There's been a lot of talk about grammar recently. A new grammar, punctuation and spelling test is has been introduced for children at the end of Key Stage 2 (year 6).
Earlier, there was a lot of publicity for the very first Bad Grammar Awards which criticised leading academics for writing a letter full of mistakes to the Education Secretary, Michael Gove.
My family is used to me getting upset about grammar and punctuation.
"Look!" I say, stopping dead in our local high street. My son follows my shaking finger. "What?" he says, frantically scanning the horizon for a car crash or a robbery or someone saving a baby from a burning building.
Outside the vegetable shop is a sign for New Potato's.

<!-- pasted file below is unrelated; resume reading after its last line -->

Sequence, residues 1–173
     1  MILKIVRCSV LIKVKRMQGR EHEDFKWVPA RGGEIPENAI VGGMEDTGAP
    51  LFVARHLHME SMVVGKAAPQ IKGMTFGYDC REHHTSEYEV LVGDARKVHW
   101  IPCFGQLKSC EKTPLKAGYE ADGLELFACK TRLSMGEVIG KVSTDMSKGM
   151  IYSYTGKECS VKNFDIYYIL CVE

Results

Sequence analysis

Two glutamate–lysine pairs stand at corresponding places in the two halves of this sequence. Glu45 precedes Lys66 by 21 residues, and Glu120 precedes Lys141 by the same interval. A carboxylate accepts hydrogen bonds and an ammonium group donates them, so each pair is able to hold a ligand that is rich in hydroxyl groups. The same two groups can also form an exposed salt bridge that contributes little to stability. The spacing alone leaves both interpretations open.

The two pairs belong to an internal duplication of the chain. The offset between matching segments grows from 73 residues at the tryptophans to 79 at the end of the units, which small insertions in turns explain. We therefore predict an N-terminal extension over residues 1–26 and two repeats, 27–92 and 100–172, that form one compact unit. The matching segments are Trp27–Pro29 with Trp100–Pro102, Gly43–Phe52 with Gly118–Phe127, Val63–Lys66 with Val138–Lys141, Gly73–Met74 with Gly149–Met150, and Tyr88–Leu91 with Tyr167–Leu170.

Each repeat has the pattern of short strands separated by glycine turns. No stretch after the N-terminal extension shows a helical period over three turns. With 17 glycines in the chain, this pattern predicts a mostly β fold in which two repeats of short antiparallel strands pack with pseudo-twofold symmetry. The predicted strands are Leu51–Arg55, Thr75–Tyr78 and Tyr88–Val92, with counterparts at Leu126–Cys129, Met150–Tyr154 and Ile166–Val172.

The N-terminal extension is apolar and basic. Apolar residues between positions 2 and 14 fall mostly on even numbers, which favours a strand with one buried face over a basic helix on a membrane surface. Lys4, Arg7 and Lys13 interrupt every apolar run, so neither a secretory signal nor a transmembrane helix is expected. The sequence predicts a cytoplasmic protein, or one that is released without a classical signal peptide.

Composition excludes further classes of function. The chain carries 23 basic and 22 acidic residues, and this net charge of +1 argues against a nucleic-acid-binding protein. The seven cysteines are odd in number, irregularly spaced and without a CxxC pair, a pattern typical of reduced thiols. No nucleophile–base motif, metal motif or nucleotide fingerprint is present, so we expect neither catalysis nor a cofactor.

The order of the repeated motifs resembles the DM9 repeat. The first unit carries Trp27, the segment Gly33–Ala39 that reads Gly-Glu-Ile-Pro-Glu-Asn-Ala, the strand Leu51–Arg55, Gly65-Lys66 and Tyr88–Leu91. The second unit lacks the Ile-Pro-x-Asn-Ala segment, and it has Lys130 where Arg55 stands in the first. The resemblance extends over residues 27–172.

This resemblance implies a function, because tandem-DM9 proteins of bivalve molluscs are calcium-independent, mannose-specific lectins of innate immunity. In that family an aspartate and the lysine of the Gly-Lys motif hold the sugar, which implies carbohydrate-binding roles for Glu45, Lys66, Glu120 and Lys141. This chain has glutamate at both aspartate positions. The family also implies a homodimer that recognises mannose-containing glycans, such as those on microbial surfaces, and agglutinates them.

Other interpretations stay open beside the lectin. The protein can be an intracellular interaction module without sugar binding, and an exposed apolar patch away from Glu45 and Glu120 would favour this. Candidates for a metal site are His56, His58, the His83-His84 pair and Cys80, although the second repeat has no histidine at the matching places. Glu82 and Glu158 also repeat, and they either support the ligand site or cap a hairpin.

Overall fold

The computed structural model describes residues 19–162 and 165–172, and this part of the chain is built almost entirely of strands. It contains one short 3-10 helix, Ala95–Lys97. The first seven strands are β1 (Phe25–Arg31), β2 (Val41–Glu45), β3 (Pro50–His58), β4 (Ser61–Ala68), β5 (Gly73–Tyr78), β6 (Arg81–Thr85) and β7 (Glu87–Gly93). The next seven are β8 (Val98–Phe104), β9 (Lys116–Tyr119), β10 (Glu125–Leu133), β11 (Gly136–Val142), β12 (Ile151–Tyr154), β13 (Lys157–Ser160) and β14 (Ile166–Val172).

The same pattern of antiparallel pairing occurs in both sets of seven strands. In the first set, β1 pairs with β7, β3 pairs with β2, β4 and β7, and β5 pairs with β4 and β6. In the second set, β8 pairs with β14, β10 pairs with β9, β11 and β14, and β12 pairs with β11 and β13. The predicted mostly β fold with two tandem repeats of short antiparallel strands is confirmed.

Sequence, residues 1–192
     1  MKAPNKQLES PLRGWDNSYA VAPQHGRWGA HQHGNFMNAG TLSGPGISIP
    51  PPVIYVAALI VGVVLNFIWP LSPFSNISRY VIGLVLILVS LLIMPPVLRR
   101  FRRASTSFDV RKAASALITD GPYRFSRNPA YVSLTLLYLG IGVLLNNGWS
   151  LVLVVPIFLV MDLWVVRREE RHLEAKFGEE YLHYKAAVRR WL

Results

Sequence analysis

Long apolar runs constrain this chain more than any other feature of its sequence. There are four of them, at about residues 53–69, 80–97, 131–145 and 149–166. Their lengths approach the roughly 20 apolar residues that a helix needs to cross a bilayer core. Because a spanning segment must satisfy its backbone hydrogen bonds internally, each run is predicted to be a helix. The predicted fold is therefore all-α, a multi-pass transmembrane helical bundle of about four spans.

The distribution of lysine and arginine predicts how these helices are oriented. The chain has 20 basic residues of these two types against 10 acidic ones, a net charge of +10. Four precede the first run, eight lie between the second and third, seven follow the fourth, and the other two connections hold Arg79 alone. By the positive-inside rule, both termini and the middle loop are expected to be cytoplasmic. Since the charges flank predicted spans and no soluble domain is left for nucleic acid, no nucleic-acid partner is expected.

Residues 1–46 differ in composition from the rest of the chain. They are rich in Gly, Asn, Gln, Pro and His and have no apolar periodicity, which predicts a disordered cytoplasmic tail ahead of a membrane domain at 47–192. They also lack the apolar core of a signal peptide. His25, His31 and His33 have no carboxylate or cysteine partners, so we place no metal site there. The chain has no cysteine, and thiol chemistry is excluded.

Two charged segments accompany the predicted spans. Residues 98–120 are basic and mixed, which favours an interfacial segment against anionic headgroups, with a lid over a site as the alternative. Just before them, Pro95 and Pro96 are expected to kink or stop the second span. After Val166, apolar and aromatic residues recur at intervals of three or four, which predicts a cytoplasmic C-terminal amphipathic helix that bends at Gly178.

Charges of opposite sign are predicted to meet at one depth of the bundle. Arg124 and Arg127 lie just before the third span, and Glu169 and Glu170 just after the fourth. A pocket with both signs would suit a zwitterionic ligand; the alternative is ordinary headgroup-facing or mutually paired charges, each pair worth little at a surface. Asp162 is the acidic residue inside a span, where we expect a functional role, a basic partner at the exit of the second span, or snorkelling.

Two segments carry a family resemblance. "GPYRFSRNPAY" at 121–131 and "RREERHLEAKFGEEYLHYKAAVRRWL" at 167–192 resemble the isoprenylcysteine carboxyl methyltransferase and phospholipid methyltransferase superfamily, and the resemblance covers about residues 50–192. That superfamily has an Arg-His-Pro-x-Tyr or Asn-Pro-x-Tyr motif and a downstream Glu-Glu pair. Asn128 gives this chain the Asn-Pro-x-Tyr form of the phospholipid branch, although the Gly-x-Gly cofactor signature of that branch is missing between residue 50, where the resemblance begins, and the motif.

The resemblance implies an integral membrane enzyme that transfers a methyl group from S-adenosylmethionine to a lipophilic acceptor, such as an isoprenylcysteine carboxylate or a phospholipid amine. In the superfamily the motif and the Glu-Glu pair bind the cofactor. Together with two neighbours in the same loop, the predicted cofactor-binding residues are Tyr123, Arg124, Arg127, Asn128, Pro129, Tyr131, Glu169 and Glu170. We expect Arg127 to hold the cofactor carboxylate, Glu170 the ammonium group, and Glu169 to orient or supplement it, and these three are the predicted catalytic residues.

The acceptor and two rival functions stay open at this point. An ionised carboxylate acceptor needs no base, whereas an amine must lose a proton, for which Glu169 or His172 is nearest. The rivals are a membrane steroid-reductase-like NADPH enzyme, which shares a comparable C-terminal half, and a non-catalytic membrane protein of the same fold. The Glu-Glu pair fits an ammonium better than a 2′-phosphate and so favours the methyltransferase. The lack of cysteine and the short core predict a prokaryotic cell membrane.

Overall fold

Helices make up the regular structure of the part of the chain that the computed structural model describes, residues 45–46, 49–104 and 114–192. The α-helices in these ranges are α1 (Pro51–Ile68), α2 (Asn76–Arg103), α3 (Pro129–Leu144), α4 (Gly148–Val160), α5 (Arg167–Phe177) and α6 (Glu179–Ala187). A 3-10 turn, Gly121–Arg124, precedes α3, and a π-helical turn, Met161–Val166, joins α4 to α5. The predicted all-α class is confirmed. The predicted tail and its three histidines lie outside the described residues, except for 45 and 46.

I try to keep a lid on all this. It's not very relaxing for everyone else to see me flinching at notices or shouting at the TV. I must be the only person in the world who got worked up over Snow Patrol's 'If I just lay here.'
And I do understand that some people think worrying about grammar and spelling is a bit old-fashioned. Teenagers are busy texting without a comma in sight. And we've got a whole online world awash with creative English.
Sometimes my daughter, to be kind, tries to reassure me that she cares about complicated sentences. She throws me the odd long word. This is particularly thoughtful as she's got A levels coming up in the next few weeks and has got quite enough to think about as it is.
"I should be revising," she says, "but I'm not."
"You could say I'm procrastinating."
"Although, strictly speaking," she says, "to procrastinate originally meant to put something off until tomorrow..."
I look at her with admiration.
"...and I don't want to do it tomorrow, either."
I don't know whether to laugh or cry.